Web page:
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FSA hands out record fines

The Financial Services Authority smashed last year’s record fines by 21% this year as it handed down £33.1m in fines, says city law firm Reynolds Porter Chamberlain LLP.

RPC says there were eight £1m+ fines last year worth £27.5m, up 32% from £20.8m the year before when there were six.

Steven Francis, partner in RPC’s Financial Services team, says: “The FSA has delivered on its promise to get tough in response to the credit crunch – and it is getting tougher all the time.

“There has been a big inflation in the fines the FSA has imposed on financial services firms since the credit crunch started.”

According to RPC the average fine handed down by the FSA last year was up 59% on the year before to £788,571 from £497,455.

Francis, says: “Increasing the size of its fines might generate much needed political capital for the FSA but financial services firms are facing ballooning compliance costs that far and away dwarf the fines being levied.

“The FSA is an organisation that is able to set the level of fines it charges internally, without needing any kind of authorisation from the government or order from a judge.”

“Regulated businesses facing bigger and bigger fines deserve more transparency and predictability about how those fines are being set. The FSA should clarify how its fines are structured or it runs the risk of being seen as issuing arbitrary punishments based on political pressure. What is the maths behind how the fines are set?”

RPC says that financial services firms and individuals that cooperate with the FSA are entitled to a discount of up to 30% if they agree to a fine.

Of the 42 fines issued last year, 36 (86%) were settled at a discount and only six (14%) did not receive any discount.  All eight of the £1m+ fines were settled at a discount.

Francis adds: “There is a concern amongst financial services companies that FSA enforcement officers set the fine artificially high at first because they know that ultimately financial services firms prefer to cooperate and agree to a discounted fine.  

“By pumping up the fine the FSA can rake in the same amount of cash from the financial services company while reducing its own workload because the firm is cooperating.

“Even with the FSA setting bigger fines, financial services firms often still prefer to agree to a discounted fine because the cost of defending an aggressive investigation can be very high and there is still the risk of facing an undiscounted fine at the end of the investigation if they lose.”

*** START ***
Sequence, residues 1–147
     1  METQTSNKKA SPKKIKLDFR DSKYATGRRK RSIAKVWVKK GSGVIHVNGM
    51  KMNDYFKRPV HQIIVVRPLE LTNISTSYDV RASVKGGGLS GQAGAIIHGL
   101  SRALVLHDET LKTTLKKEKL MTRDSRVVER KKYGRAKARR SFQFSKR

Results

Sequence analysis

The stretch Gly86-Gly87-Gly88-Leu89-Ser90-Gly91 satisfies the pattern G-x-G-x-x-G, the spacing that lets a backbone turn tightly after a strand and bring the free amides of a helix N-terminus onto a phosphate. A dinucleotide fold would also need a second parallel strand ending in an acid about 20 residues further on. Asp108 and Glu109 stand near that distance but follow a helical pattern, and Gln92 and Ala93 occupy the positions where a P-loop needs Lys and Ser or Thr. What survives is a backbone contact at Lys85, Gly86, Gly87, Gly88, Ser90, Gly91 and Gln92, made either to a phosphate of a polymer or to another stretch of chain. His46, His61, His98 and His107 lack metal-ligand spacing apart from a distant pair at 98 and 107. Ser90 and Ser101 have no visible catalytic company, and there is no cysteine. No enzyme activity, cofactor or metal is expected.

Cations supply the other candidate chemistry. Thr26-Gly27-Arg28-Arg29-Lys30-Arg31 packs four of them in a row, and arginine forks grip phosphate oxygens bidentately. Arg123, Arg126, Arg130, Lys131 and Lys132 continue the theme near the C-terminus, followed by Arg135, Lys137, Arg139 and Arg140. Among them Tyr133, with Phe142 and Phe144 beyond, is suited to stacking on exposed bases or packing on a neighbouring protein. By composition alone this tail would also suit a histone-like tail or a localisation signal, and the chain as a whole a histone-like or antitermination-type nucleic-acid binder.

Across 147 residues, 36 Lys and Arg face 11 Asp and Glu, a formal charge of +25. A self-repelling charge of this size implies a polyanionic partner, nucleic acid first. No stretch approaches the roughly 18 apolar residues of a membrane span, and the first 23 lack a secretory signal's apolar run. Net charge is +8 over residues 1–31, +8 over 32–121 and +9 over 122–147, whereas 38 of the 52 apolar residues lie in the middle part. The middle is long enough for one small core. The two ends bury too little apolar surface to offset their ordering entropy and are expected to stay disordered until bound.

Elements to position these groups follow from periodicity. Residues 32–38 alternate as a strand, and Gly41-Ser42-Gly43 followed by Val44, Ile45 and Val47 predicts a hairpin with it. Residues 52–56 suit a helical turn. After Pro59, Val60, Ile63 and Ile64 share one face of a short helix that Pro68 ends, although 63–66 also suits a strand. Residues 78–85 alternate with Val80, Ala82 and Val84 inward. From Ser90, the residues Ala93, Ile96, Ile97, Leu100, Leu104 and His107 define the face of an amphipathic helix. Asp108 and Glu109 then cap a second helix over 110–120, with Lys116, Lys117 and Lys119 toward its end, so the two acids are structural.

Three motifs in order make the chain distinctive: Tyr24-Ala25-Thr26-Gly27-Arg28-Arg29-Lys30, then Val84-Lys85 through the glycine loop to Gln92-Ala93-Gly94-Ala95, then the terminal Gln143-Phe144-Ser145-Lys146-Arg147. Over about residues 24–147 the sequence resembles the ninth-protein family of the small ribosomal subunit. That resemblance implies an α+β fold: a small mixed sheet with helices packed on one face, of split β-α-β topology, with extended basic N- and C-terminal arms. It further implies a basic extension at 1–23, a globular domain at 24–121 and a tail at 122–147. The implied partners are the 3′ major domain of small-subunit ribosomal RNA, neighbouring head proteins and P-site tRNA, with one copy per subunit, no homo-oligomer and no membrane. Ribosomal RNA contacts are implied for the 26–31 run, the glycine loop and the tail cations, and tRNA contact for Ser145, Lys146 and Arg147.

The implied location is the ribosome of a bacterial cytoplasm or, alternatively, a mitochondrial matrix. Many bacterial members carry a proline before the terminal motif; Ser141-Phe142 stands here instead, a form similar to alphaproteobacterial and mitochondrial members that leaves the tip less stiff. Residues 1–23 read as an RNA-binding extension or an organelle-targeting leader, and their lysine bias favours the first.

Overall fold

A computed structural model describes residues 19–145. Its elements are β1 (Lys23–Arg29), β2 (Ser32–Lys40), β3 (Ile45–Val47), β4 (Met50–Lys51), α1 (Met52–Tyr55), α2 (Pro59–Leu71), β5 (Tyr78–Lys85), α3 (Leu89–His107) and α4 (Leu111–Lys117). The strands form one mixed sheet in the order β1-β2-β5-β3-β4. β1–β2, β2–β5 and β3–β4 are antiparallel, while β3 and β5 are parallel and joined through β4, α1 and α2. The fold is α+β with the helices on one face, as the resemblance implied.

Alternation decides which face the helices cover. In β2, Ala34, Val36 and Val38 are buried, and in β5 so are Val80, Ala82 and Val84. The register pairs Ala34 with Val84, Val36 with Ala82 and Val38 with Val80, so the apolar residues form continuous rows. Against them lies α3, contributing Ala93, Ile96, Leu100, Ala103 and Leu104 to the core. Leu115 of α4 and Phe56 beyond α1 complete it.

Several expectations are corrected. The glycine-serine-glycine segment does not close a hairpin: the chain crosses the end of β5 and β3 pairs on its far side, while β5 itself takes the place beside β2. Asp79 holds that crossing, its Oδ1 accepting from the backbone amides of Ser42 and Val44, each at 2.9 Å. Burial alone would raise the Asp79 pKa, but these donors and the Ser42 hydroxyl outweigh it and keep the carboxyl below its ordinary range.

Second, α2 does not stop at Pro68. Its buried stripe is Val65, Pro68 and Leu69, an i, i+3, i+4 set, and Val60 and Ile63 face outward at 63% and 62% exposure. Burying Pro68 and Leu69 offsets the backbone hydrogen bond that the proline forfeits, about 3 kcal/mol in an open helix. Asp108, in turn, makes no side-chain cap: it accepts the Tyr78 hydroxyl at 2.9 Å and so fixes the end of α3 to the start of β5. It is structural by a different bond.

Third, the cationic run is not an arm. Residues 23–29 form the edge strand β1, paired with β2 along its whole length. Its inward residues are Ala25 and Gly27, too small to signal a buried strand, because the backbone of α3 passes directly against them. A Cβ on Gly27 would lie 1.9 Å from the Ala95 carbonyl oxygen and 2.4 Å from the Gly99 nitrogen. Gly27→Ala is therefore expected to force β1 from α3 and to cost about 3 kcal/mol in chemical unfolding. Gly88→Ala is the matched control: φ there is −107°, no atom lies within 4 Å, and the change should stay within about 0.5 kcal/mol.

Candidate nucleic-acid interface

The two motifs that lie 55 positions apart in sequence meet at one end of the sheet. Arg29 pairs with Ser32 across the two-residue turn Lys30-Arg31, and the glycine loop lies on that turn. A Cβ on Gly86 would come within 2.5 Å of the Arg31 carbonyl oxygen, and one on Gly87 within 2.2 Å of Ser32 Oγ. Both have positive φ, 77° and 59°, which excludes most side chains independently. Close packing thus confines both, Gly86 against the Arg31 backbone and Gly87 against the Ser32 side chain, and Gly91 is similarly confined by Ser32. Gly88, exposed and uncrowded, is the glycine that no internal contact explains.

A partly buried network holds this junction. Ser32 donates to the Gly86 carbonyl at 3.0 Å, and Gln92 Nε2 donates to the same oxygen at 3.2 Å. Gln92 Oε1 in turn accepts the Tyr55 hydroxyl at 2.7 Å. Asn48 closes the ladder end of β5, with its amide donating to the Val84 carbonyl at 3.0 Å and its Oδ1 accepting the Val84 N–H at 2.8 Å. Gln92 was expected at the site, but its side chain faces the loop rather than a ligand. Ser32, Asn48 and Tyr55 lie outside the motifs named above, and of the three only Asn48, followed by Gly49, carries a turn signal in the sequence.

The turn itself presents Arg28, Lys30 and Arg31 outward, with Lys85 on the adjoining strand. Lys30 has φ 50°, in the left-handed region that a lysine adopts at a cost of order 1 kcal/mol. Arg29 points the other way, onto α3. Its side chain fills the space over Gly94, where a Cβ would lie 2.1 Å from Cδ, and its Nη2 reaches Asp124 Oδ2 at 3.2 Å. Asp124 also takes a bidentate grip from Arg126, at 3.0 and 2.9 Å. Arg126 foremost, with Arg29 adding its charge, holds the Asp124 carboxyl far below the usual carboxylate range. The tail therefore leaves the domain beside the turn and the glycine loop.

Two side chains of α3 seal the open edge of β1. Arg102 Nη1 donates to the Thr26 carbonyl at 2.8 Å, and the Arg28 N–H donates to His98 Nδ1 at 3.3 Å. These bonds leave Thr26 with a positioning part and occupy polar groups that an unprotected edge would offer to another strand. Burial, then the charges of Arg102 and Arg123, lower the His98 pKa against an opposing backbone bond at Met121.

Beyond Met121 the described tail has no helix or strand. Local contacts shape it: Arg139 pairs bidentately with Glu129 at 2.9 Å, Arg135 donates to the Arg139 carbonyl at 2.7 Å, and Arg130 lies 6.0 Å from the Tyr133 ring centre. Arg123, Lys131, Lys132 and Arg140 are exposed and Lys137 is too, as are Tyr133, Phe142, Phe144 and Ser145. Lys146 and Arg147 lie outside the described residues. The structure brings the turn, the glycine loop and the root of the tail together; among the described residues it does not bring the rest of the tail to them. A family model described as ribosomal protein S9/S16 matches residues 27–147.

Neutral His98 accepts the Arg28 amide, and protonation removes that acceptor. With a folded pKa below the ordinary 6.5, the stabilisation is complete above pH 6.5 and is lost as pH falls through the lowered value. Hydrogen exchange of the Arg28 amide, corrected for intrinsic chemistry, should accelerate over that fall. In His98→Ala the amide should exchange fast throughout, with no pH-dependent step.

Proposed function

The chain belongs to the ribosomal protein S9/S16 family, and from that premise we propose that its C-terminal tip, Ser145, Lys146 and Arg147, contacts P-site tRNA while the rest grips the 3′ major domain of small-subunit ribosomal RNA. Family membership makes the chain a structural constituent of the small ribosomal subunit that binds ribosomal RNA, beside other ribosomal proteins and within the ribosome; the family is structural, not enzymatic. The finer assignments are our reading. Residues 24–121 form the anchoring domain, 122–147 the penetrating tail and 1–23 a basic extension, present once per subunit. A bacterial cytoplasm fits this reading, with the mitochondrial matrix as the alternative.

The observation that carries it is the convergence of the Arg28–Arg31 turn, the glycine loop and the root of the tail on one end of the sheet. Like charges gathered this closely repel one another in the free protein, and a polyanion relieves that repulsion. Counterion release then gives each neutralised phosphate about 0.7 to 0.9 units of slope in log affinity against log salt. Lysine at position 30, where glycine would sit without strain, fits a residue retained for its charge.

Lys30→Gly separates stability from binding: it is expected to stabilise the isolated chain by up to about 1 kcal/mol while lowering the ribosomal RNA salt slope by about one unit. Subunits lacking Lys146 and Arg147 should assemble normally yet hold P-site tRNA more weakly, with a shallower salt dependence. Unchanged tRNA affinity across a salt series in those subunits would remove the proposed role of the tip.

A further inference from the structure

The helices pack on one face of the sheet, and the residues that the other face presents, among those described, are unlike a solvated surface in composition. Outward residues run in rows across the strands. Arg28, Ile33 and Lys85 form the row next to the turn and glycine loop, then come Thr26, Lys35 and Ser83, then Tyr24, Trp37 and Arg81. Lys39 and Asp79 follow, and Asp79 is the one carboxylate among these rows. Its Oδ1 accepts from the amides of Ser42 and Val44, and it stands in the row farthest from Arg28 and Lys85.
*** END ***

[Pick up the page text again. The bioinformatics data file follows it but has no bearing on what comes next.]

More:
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  • RW 3rd April 2010 at 2:57 pm

    Fines fines and more fines well done FSA (caugh) now get the market right and lets have a level playing field.

  • Salil Chaudhari 3rd April 2010 at 10:33 am

    As for the maths relating to setting out the fines. No doubt it would create certainty of financial obligations and an accurate figure for a contingent liability in the accounts of firms breaching FSA regulations. The difficulty is that no two cases are identical and each case would have diffents maths applied. I wish there was such a simple solution but in practice it would be cost prohibitive.

  • Robert Faull 2nd April 2010 at 1:16 pm

    I repeat myself: the FSA cannot be a true regulator because it depends on fines imposed on its members to fund the institution.

    As such, the FSA will always find a way to fine a member firm because it can then argue that member fees can be kept to a minimum.

    The only way this matter can be resolved is for the industry to coordinate a planned lobby of government, with the aim of exposing the flawed FSA bias business model and ask for a true regulator, if required, with the said regulator, funded by the public purse, thus removing the need to impose fines.

  • raj sodha 1st April 2010 at 2:27 pm

    I applaude the FSA for their excellent work and their fantastic performance. I think advisors should join me and contragulate them. By doing so, you will be on the right side of the FSA boffins and be eligible to get shares at a discount price when the FSA floats. Public, as usual should pick up class B shares. At least that way the advisors can cash in when the share prices rise as it would with year on performance in fines tounover!!Register here for the discounted shares…………….

  • Gordon Smith 1st April 2010 at 11:34 am

    Does this mean that regulation doesn’t work then?
    You would hope that a regulator who has been in authority as long would be levying no fines,or smaller fines the longer its in control,as by logicical deduction you would expect those being regulated by a long time regulator would understand the rules and regulations,and thus not be fined.Seems logical to me.
    Maybe the issue lies with the clarity of regulation,or the complexity of regulation,or,as I think with the regulator as a whole.
    I think the FSA is now just an old boys club,EXPECTING the regulated community to have deep pockets to pay for the old boys jaunts (and hotel fees)In reality the FSA fines the general public,and sharehaolders of big companies,(who pass the fines on)and they hit small brokers really hard.TIME FOR CAMERON TO KILL OFF BROWNS MONSTER……………I WONT MISS THEM.